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(Limited) Human Resources

An article penned in the Financial Times this week took a closer look at “probably the most thankless” of all management jobs in business.

Perhaps this will come as no surprise to many, but the group that author Stefan Stern is talking about are the often-maligned professionals in human resources.

HR are supposed to be “the bridge between senior leaders and rank-and-file staff, but often end up receiving flak from both,” points out Stern, author of management book How to Be a Better Leader and a visiting professor at the University of London’s Bayes Business School.

Their central position between two sometimes conflicting sides has led to serious discontent among HR professionals, according to the article, with several recent surveys pointing to “high levels of burnout and unhappiness within the profession.”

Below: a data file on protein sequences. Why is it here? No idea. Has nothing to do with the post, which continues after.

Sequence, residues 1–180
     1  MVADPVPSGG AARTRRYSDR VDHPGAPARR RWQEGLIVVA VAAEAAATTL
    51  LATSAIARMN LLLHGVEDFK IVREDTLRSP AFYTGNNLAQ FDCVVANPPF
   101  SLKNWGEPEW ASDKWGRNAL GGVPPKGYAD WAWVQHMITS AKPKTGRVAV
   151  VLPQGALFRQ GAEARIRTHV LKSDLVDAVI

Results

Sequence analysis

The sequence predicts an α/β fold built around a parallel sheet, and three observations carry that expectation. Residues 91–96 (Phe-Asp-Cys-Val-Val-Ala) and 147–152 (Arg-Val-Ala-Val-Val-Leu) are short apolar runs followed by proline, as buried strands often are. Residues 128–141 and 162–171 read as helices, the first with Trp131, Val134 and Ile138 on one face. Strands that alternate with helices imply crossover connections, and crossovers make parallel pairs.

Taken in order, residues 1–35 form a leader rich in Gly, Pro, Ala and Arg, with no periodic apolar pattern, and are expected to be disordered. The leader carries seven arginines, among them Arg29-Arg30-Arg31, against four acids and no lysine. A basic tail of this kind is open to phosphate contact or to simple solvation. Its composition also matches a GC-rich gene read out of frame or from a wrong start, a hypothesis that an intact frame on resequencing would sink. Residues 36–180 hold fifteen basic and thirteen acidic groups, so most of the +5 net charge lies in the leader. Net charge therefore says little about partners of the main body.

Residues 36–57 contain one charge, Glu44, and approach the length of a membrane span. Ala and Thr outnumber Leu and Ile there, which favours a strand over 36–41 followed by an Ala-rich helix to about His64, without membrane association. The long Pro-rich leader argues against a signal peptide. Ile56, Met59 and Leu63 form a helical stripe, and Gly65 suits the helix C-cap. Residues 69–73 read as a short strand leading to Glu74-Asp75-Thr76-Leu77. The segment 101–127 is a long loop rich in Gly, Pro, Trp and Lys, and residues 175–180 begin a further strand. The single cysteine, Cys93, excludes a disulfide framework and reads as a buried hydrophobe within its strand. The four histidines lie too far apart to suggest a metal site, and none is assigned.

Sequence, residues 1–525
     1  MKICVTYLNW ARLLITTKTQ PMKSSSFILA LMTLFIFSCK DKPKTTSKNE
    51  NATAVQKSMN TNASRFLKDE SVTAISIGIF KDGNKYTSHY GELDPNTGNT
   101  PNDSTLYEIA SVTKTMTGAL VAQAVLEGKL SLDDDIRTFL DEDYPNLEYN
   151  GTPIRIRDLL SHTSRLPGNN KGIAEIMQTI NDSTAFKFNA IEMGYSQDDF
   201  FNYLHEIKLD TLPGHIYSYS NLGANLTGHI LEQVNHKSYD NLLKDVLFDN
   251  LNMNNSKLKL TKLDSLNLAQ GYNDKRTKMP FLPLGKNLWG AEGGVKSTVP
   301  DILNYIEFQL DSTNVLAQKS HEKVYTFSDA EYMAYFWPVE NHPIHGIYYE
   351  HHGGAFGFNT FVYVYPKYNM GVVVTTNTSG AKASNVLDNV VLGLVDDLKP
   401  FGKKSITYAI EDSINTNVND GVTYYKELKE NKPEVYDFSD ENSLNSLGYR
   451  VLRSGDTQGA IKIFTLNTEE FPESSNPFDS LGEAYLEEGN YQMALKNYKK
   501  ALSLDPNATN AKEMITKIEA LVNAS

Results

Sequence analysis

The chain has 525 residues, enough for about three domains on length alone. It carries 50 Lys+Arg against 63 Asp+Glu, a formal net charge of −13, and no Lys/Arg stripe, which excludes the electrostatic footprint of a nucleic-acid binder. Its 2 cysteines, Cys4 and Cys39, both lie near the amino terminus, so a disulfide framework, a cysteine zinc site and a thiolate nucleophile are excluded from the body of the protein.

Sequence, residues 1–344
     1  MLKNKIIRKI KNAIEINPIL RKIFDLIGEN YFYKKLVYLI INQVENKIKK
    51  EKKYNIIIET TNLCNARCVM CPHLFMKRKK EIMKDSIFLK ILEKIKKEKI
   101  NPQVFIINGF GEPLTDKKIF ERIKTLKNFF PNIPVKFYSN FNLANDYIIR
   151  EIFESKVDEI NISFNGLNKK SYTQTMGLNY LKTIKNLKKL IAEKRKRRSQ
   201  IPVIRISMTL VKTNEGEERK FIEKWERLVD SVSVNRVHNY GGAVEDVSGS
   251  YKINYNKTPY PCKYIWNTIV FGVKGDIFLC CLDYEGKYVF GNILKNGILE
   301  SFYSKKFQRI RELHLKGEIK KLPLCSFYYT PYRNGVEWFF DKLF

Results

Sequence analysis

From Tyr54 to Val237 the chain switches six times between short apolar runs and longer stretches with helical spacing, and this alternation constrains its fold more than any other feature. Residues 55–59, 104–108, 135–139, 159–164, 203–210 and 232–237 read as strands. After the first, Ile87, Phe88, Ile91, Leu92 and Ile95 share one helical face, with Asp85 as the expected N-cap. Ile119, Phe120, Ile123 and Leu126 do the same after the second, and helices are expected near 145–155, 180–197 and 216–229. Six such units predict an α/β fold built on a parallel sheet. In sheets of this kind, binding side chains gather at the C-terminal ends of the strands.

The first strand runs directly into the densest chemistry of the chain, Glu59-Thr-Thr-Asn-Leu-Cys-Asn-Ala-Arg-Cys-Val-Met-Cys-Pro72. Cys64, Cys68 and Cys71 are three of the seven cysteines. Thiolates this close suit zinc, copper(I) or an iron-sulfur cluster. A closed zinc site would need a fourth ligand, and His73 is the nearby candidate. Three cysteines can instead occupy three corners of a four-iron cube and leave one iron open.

While employees often think of HR as nothing more than a shield to protect a firm’s upper management, those at the top become equally disgruntled any time the department has to get involved in relations between management and staff.

Part of the problem, according to professor of organisational psychology Rob Briner, is that HR has been too easily swayed by “fads or flimsy ideas” in recent years.

“People are cynical about HR and management because they keep being asked to do stuff, and then five years later they are told to do the opposite, and five years later told to do the opposite again,” he says. 

That leads employees – sometimes justifiably – to come to the conclusion that those in HR don’t know what they’re doing.

So what is the solution to this age-old question?

“A good place to start would be to focus on more effective interventions that will be appreciated, and noticed, by the organisation,” the article suggests, by focusing on what the problem is to the business and how it can best be resolved.

While that might sound obvious, there are plenty of real-world examples where such changes have helped to make staff and management alike much happier in their work.